LK : Yes, but I think there are a lot differences between the two. With "Clean, Shaven" I was trying to create a subjective experience in what it might be like to suffer from schizophrenia and to have the audience really experience that… to be in the position of somebody who is suffering from schizophrenia… who suffers from different symptoms like auditory hallucinations, disassociative feelings, increased paranoia, increased anxiety, blunting, (which is a symptom where you don’t feel pain in the same way)… and in where Winter is ripping out fingernails and there are close-ups of his face and he’s not reacting…with the idea that if an audience could understand or experience what it would be like… to have those symptoms for 80 minutes then to imagine what it would be like to live one's life that way… to have some compassion as a result, you know,… with Keane even though I still deal with a character who is mentally ill, my real concern was to focus on how one could try to cope with the abduction of one's child. That was the primary focus and I decided to make the head of the character suffer from mental illness because you know again and you're right it’s a common theme that’s in cliché I’ve had friends who’ve suffered from mental illness. I just think we are living in a critical time and it's important to have some compassion. I was really interested in this idea that in western society we come from this assumption of health and that we all expect to be healthybut I think there is a thin line between mental health and mental illness and health and illness in general. I’m kind of amazed the way we are wired that we work as a well as we do I find that amazing so I think part of it comes from a fear of having mental illness fear of suffering from that… trying to have some sense of compassion. Trying to understand what it would be like. I live in New York, I see so many homeless people and I think what if I was homeless and had no one to talk to? How long would it be before my mental health started to deteriorate? Would it be a number of weeks? A week? 2 weeks? If i talked to no one and had no interaction? No one would deal with me and everyone rejected me. That would definitively start to affect my mental health. So that’s why I continued with that theme…to be honest I think it's true for people who create music or film, writers… they deal with common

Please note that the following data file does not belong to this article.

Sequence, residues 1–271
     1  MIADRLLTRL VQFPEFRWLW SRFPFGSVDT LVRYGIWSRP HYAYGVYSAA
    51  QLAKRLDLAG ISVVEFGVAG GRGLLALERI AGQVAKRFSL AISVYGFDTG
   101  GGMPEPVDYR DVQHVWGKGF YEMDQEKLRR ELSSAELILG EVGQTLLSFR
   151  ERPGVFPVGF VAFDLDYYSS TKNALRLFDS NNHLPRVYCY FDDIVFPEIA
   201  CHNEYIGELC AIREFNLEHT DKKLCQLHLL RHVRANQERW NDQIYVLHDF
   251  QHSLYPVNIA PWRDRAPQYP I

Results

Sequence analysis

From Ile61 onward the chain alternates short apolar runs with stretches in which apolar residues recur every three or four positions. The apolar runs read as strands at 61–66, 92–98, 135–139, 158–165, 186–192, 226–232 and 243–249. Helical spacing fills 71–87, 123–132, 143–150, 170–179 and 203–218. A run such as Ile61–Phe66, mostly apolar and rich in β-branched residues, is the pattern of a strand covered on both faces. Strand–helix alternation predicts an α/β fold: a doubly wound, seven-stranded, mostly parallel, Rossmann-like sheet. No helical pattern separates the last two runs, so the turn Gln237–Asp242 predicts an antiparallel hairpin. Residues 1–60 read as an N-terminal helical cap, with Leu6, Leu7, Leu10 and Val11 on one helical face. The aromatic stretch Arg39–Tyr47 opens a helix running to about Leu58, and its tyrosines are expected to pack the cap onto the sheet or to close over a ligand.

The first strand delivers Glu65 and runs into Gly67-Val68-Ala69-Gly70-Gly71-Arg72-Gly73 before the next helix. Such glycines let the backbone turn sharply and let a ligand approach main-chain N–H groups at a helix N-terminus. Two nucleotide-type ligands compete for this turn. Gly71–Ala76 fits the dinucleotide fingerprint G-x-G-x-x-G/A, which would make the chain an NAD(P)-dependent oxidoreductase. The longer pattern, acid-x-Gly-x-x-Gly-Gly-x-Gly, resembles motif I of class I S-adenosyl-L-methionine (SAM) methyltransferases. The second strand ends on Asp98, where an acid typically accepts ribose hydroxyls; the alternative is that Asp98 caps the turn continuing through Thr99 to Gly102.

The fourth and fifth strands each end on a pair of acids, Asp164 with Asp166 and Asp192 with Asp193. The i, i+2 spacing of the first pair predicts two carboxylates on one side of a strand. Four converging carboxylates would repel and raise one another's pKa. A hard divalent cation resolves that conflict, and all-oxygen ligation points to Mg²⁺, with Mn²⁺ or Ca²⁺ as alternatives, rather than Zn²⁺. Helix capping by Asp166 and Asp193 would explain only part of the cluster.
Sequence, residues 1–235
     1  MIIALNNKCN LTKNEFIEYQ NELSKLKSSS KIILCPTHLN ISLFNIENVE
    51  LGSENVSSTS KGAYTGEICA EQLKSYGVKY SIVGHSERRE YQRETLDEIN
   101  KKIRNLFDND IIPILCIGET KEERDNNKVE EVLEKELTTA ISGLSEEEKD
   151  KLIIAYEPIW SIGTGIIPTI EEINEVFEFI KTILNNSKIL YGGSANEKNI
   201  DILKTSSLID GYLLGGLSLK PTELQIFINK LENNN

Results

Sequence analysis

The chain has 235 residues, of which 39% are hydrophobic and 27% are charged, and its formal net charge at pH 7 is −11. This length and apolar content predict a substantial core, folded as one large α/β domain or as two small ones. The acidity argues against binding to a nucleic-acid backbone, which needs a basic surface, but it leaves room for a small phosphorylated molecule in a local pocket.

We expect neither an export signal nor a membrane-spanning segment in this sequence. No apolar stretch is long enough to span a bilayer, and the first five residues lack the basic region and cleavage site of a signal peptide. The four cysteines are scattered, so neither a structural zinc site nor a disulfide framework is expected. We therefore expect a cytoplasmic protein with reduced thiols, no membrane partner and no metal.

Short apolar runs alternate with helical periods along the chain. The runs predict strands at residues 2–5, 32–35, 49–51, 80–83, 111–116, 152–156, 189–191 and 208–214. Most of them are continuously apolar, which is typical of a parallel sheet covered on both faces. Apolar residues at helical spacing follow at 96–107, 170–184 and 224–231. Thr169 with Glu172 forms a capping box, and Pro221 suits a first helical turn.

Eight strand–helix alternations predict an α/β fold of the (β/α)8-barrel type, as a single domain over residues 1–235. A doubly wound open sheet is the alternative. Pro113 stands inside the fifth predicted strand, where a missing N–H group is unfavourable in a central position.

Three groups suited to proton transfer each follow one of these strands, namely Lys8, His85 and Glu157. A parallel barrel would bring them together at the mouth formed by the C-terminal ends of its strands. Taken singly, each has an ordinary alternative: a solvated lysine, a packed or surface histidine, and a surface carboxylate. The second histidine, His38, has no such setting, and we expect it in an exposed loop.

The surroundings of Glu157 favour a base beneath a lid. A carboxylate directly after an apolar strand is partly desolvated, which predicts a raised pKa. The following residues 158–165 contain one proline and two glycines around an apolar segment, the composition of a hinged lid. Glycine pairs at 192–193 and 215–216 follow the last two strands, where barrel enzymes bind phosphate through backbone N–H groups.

themes in their work. For myself it’s a way to find the right way to articulate it.
C : You often mention compassion, does it have something to do with religion?
LK : No, I don't believe.
C : Because I thought Lodge Kerrigan sounds Irish?
LK : Yeah I do and I have lived in Ireland for six years as a boy. But I'm not...
C : You do not feel concerned with this?
LK : I would say I'm an atheist but I’m not. If you say you are an atheist then you are taking a definitive position and stating that religion has some significance in your life. Religion has no significance in my life so I don’t even spend the time to debate whether there is a god or not. I don't believe in a god, but it's not even significant for me. But for me that's not the point.